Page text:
The Cleaner

•28 June 2009 • Leave a Comment

Like its protagonist, A&E’s The Cleaner has a mission. It aspires to teach its audience about the ghastly experience of the addict and the torture of kicking the habit, even as it provides an entertaining and inspiring hour of television. This is no small task, but it succeeds. And this is not an insignificant achievement, particularly in light of its deliberate avoidance of the tactics of competing “reality television” programming that deals with similar issues.

The program’s official website describes the show as follows:

Inspired by the true story of real life “extreme interventionist” Warren Boyd, who also co-executive produces the series, “The Cleaner” stars Benjamin Bratt as William Banks, a recovering addict who must balance his unwavering dedication to helping others get clean with an increasingly rocky personal life and the ghosts of his addictions. … With every success and failure, William wrestles with his commitment to his work and his love for his wife Melissa (Amy Price-Francis) and their children through an unusual relationship with God.

The opening frames of each episode declares that William Banks’ crusade does not make him a “cop”; neither does it make him a “superhero.” Instead, we’re told, “He’s just a man with a Calling.” This commitment, as we learn during the pilot episode, is a consequence of the depths to which he had sunk when he found himself “slamming dope” even as his wife was giving birth to their second child. While not a religious man, he made a pact with God: get him and his family through that day – and the addiction – and he would become his “avenging angel.”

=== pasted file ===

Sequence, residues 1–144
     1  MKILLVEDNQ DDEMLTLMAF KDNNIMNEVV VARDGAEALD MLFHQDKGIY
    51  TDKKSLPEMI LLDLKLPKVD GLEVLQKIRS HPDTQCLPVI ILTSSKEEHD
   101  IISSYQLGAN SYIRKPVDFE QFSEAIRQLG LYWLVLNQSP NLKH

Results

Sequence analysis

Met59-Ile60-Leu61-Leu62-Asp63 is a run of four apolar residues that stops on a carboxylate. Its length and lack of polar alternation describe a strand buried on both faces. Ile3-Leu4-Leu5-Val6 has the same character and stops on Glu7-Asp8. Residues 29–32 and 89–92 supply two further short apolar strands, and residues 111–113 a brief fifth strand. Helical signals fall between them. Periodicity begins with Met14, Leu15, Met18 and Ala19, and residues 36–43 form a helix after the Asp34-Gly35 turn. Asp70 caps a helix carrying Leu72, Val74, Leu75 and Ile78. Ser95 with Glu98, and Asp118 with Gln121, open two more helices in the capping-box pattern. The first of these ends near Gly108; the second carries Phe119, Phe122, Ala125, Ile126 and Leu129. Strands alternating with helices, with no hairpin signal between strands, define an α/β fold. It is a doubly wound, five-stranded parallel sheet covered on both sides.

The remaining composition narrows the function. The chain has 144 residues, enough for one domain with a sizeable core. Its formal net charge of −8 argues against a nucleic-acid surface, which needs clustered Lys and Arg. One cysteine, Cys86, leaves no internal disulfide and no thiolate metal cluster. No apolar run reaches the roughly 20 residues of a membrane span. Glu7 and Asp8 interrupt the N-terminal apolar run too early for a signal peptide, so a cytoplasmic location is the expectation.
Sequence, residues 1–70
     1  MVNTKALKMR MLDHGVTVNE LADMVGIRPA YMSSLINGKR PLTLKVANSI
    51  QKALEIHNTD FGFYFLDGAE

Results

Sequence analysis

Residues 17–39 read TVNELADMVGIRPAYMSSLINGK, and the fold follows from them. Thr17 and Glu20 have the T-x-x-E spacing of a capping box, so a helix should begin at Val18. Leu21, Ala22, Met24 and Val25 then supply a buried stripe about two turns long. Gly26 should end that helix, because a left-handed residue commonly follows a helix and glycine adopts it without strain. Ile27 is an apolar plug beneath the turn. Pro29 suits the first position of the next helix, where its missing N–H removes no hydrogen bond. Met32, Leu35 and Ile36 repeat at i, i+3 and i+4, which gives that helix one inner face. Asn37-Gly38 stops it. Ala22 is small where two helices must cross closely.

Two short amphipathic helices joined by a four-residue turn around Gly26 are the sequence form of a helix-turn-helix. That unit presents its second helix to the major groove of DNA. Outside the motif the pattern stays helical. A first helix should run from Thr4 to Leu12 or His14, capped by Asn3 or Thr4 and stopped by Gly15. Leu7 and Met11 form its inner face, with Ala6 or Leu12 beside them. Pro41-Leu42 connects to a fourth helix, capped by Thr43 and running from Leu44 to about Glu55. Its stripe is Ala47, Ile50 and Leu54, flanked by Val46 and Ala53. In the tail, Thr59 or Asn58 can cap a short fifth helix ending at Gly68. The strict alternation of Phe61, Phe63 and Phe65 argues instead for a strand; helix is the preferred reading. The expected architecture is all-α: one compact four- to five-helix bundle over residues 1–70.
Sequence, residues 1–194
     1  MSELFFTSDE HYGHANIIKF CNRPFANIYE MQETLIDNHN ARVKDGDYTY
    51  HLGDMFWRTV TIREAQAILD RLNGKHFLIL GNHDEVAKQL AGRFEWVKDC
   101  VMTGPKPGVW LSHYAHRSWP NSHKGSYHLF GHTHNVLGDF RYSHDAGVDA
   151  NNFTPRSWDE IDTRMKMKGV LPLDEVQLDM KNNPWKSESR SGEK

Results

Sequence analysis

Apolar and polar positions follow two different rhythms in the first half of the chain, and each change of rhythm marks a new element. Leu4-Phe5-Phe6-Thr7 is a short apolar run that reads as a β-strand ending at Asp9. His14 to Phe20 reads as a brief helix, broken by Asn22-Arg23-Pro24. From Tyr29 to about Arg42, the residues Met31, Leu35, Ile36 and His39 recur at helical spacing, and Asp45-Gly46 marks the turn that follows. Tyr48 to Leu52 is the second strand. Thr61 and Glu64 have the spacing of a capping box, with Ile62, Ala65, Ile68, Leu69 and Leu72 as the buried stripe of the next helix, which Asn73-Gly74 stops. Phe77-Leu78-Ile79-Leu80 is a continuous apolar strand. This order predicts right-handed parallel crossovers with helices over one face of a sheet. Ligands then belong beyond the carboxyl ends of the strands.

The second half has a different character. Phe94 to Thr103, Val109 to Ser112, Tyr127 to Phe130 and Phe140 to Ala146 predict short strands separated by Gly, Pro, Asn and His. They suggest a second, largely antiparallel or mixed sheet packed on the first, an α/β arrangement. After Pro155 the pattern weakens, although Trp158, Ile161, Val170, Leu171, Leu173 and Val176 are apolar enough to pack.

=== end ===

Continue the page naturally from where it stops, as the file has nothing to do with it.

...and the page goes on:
In a sense, this “calling” is the fervor of the convert: an attempt at expiation or atonement, seeking to make things right. Ironically, it also threatens to destroy the very family he hoped to save in the first place.

It is precisely this tension between his role as “avenging angel” and his standing as husband and father that provides much of the drama of The Cleaner, leaving us to wonder which of these two domains is the appropriate measure of the man. Or any man, for that matter. Is it the heroic measures he employs in his public life in service to others or is it the length to which he is willing to go in order to understand and care for the ones he loves?

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Dollhouse (Season One Finale)

•22 May 2009 • Leave a Comment

For my original reflections on Dollhouse, go here.

In the final two episodes of this season, Dollhouse has provided us with a brilliant proclamation of the program’s aspirations, what it intends to convey in serving up the bizarre (yet fascinating) world of the Dollhouse and the characters that inhabit it.

It’s nothing short of revolutionary.

The Dollhouse Dilemma

In the season finale – Omega – we are presented with the Dollhouse version of the prisoner’s dilemma. Like the version many of us have learned about as students, it revolves around the conundrum of dealing with a less-than-complete pack of cards: what decision can a prisoner make when crucial pieces of information are missing, particularly if one’s partner is being held and questioned separately?

In the case of the Dollhouse, the enigma revolves around three features of the Doll’s captivity that constitute the knot of their existence: the empty “lives” they are expected to live during their term of indentured servitude, the unreality of the “personalities” that are imprinted upon them for their assignments, and their Original Selves – the ones responsible for their captivity in the first place – of whom they have absolutely no knowledge.

In this fictional universe, we may call this the Dollhouse Dilemma.

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Lie to Me

•11 May 2009 • 2 Comments